852 RARE: A Magnificent Copy of Magna Carta

852 RARE: A Magnificent Copy of Magna Carta

Magna Carta

Magna Carta cum Statutis, ca. 1335 (HLS MS 32, fol. 9r)

When HLS students stop by Historical & Special Collections during the Library’s annual Love Your Library Fest, many are delighted at the chance to see one of our beautiful manuscript copies of the great English statute, Magna Carta, up close. This month’s 852 RARE post is for those who want to know a little more about the copy we had on display, and to whet the appetites of those who did not have a chance to see it. The HLS Library is fortunate to own more than twenty manuscript copies of Magna Carta; from time to time we will feature some of these in our blog posts.

First issued in 1215, Magna Carta, or the “Great Charter,” was intended to limit King John’s power over his subjects and preserved the rights of feudal barons. It has been a cornerstone of English and American constitutional law for nearly 800 years, and its influence has been felt throughout the world.

Table of Statutes

Table of Statutes, Magna Carta cum Statutis (HLS MS 32, fol. 1r)

Our handsome manuscript compilation of English statutes dates from about 1335. Typical of such works, the statutes are arranged in chronological order, beginning with Magna Carta. The Charter of the Forest, issued in 1217, appears next. Other statutes include the 1235 Statute of Merton (dealing with dower, enclosure of common lands, legitimacy, and usury), and the Assize of Bread (the earliest English legislation regulating the size, weight and price of bread). Since the laws are arranged chronologically, as shown in the Table of Statutes here, it is possible to determine the date of a manuscript by looking at the date of the last statute – which for this manuscript was 1335.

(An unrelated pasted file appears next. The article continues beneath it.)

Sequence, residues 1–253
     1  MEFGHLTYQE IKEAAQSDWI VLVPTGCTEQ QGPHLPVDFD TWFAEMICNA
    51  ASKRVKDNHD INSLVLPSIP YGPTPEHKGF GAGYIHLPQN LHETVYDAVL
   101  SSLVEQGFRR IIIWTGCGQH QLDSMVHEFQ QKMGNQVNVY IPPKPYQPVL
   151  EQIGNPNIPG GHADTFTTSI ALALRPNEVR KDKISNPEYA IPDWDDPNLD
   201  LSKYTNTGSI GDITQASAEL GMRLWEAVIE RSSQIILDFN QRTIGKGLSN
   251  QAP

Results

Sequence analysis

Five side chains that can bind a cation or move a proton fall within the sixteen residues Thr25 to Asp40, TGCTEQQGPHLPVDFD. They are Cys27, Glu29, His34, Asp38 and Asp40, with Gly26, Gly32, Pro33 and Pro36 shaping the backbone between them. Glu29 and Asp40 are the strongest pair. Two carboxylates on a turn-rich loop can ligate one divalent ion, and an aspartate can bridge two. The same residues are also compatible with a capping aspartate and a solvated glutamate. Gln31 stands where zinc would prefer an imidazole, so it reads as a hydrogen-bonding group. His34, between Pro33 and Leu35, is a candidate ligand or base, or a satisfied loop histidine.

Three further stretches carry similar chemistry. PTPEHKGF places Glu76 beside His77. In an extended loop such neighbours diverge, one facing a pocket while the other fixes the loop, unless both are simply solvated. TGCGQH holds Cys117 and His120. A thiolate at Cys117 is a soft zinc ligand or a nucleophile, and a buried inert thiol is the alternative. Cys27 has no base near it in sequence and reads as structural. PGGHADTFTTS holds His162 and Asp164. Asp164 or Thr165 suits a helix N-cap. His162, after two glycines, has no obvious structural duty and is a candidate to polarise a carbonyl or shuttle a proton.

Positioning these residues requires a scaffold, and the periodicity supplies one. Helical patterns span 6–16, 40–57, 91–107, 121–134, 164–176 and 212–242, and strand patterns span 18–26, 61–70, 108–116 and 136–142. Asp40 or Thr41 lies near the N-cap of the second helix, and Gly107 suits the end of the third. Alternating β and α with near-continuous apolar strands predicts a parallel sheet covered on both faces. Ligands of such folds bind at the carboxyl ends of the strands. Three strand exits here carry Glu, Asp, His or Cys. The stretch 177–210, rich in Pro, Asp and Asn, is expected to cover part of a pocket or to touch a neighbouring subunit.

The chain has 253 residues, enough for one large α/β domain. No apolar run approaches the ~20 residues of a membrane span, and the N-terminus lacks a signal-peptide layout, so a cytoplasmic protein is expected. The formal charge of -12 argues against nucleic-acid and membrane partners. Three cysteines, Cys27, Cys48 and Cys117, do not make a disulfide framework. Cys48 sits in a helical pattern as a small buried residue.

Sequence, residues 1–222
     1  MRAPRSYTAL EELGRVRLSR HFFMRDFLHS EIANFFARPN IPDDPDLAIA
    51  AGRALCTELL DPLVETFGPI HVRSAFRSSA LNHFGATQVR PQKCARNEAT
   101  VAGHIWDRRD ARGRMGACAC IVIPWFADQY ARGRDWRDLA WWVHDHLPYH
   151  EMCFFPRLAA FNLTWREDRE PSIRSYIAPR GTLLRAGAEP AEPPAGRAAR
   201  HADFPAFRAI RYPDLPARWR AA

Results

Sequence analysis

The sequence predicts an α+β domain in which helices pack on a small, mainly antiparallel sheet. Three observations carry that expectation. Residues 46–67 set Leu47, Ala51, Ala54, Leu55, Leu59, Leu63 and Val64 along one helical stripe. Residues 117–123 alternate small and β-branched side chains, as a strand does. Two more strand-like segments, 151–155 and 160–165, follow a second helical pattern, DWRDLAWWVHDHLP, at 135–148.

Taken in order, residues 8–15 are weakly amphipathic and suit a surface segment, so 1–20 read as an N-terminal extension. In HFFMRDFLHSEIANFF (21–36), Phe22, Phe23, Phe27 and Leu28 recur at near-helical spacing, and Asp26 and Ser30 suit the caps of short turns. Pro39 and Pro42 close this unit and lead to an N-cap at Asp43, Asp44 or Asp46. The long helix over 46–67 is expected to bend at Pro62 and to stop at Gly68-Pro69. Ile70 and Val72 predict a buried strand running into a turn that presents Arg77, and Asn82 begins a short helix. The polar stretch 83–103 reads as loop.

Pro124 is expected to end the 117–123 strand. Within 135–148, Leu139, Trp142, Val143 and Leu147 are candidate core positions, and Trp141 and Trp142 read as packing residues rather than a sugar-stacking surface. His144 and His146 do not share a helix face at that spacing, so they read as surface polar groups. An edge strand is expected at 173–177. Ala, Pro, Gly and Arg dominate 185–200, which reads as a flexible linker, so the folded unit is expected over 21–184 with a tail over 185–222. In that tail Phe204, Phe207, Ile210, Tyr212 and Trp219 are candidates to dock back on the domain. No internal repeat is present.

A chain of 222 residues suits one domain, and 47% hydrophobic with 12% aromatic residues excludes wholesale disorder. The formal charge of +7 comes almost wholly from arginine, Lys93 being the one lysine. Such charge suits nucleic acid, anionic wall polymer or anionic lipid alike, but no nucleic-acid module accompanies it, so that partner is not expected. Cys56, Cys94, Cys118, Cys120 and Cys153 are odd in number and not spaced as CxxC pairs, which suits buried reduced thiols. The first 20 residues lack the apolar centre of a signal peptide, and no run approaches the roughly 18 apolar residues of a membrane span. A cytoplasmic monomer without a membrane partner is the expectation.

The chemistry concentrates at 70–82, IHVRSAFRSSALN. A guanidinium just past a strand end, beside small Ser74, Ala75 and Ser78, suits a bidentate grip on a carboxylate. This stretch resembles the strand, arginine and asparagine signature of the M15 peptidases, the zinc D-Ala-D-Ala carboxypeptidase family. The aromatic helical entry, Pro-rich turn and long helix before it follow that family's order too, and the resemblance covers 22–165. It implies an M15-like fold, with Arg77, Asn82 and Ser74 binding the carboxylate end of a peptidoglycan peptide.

This manuscript was written on vellum in Law French by an English scribe. Note the beautiful handwriting and the straight, even lines of text! The scribe accomplished this feat by making tiny pinpricks on either side of each leaf as a guide to keep the lines even. The scribe, or more likely an illustrator, drew initial capitals and ornamental grotesques at the beginning of many of the statutes. The largest and most striking – a winged dragon playing a large oboe-like instrument – embellishes the beginning of Magna Carta.

Ornamental Grotesque

Magna Carta cum Statutis (HLS MS 32, fol. 9r – detail)